by Dianne Jewell 16/2/19
I made the same mistakes as many entrepreneurs have made. Even though I read and listened and was taught by coaches, I didn’t listen but what did I know? I didn’t know any better.
You can get so caught up in the details of your business instead of growing your audience and client base. I work with startups and businesses who haven’t quite made sense of it all yet, so I see them fall fall into the some of these entrepreneurial traps which hold them back from exploding into a successful business.

5 Mistakes you might be making and how to avoid them

1. Not having a Big Plan

Many business owners try to get everything in place before start but often miss out on the one vital thing they must have. You must understand how you are going to get clients, keep clients, and get the work done to enable your business to tick over.
Granted you have to get the basics in place, and you probably do such as 
  • expertise in your chosen market
  • licences to operate
  • a market (clients)
  • hardware and software
  • a place to operate from
But have you thought about the whole business as a part of your life, and answered these questions?
  • Operational Plan – who does what and how you are going to cope with more work than you can physically do
  • Marketing Plan – how will you continue to attract your Ideal Client
  • Cash Flow Plan – how much money will you make and what will you do with it
  • Emergency Plan – what will you do for short term cash if the need arises (and it will)
The Big Plan operates in the background not the foreground of your business day to day.  It can easily be missed as you go about working on the workflows in your business. Give a minute to considering the life of your business and what you’ll do to keep the momentum going.

2. Focusing on the wrong market

Its happened, you’ve landed a big client! It’s a great moment, and you deserve to congratulate yourself. Wait a minute, ask yourself, are they your Ideal Client?  I have seen businesses get a client that isn’t suited to the offering they provide. Your Ideal Client isn’t necessarily ‘big’ or wanting a large amount of work done or willing to pay you a large amount of money for a job – they must “fit” your practice. Take things at a pace you can work with and don’t push growth where it can’t reasonably happen. 
Make sure you have a plan of action to operate from. It’s imperative to have the capacity to supply your service to all of your clients, not just some, and growing too quickly, i.e. taking on a big client when you’re not ready can be devastating to a small business. You’ll get a bad name for service and you know what they say about bad reviews, they spread quickly, much more quickly than good reviews. 

3. Not organising your Internal Systems

Your internal systems will enable you to deliver a valuable service and replicate it over and over. What looks easy is only easy because you don’t understand the mechanics of running a business.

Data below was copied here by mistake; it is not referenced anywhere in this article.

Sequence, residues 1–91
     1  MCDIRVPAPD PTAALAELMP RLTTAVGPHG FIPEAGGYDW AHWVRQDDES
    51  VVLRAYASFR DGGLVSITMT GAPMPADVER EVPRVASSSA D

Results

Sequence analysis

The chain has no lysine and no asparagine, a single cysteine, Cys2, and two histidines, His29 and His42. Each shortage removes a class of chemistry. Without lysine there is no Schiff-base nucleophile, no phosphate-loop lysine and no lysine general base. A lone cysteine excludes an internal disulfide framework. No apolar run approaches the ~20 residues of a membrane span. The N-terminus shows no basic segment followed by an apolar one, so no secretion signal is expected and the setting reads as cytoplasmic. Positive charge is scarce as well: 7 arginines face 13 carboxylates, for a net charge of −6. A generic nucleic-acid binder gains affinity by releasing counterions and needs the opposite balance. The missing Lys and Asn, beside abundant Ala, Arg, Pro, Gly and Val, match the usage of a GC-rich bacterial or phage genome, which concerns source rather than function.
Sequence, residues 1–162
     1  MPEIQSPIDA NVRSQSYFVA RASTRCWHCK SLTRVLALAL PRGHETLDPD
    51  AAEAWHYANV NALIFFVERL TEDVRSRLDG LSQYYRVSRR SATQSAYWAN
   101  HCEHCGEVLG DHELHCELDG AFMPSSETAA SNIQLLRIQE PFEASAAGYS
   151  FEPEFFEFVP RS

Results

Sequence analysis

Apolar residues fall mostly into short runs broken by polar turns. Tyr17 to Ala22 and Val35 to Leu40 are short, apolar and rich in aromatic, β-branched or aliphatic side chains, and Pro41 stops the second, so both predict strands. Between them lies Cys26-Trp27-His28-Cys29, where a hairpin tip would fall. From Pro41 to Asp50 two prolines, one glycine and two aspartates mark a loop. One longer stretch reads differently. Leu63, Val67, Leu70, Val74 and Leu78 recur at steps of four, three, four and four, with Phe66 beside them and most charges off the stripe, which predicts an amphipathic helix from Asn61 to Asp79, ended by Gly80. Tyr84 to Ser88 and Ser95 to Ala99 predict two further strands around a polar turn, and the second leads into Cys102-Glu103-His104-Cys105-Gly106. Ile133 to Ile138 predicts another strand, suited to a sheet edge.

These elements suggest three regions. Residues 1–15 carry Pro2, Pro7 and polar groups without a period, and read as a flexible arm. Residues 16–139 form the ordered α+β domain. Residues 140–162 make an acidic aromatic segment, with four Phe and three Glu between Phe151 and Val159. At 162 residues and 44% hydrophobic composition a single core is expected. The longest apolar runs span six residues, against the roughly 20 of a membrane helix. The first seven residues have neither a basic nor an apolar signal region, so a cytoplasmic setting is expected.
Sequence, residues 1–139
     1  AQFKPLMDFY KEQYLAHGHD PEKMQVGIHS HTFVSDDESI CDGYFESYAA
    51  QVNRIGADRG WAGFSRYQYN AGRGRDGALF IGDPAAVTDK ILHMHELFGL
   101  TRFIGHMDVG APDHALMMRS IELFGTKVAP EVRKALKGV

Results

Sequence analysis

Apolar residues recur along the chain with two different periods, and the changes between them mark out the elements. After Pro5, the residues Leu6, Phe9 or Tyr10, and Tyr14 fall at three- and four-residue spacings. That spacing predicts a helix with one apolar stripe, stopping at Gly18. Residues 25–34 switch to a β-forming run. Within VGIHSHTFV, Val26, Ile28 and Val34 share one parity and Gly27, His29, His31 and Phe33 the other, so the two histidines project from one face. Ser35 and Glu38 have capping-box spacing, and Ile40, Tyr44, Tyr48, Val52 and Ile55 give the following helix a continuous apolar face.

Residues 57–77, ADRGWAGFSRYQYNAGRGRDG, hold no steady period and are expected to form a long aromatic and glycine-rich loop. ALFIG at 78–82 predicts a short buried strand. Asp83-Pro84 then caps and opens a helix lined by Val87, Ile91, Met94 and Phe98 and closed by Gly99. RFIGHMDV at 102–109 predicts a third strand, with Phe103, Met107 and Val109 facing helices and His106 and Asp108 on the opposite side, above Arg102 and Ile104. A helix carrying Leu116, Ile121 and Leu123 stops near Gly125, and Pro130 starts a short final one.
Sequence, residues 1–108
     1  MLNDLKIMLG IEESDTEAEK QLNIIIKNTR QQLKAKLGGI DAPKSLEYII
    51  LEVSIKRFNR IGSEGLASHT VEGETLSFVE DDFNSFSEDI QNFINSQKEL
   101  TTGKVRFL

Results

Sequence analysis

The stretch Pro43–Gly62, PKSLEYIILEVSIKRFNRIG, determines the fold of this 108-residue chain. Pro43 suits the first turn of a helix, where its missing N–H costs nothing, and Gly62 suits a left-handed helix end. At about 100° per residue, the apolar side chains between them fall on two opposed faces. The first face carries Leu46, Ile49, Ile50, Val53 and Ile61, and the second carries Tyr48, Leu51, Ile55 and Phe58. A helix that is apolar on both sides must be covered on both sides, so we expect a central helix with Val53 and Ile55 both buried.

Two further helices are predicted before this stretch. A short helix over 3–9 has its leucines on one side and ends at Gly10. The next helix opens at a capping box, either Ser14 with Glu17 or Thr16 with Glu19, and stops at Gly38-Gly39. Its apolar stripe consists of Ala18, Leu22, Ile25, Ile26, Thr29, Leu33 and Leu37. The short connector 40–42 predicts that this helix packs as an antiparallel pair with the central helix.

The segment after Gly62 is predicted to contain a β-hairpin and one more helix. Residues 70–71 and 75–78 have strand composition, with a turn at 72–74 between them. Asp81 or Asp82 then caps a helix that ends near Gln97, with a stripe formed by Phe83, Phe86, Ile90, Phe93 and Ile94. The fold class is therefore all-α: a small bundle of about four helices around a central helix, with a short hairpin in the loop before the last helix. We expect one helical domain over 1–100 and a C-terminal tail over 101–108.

Your workflow will not flow and you’ll get distracted if you don’t have your systems organised. Your work will suffer and your business will stall, if not fail. The easiest way to get organised to be able to start is to do the minimum and build on that. In fact that’s the only way it will work as you don’t know what works best for you until you try it. 
Evernote and Xero works for me as does Agile CRM and Mailchimp but that ‘stack’ may not work for you. Research and keep trying to find your optimal stack.

4. Managing your time well

Wasting Time. Allocate time – use a scheduler like Google Calendars 
Time. I don’t have time. Its a waste of time. I need more time.
How you manage time and your health and energy will determine how successful you support yourself in this business journey.
Calendars like Google Calendars where you can overlay 5 or more calendars and ‘chunk’ time can help immensely in keeping you on track and using your time and energy in the most productive way to get work done.
As a business owner you wear many hats and even more if you have a young family. You have to optimise your time and prioritise your time. 
Work out what a good use of your time is – you could use your weekends to work on your business moreso than to take time off. There’s alot of work to do as you are everything to your business. 
Focus on creating one or two services you can offer then build from there. Focus on your core competencies, first. You can’t physically implement all of your business ideas at once. When you try to build too much too soon, you end up losing as nothing will get out there. You end up having many projects started, but nothing finished or in working order, to sell.
Your time must be allocated to work, working on your business as it stands and your life in proportions decided by you and your family. 
I am a WordPress developer and I know my way around Funnels but they took along time to learn and I can say, I should have focused on Accounting and Tax Agency instead of doing this work as its detracted from my journey. What are you focused on and is it going to give you a R.O.I. that makes it worthwhile?

5. Forgetting to promote your business

Too many entrepreneurs are trying to get everything in place before they start promoting. Yes you have to get the business processes in place before you can put yourself in front of potential clients, but you do not have to have everything 100% locked in from day one. Grow your processes as you grow your business and engage with your market in the marketplace where they hang out. You are losing potential clients when you spend time working on working on details of the business when you could be getting yourself out there in front of your market  not spending the necessary time promoting your business in public places like Social Media.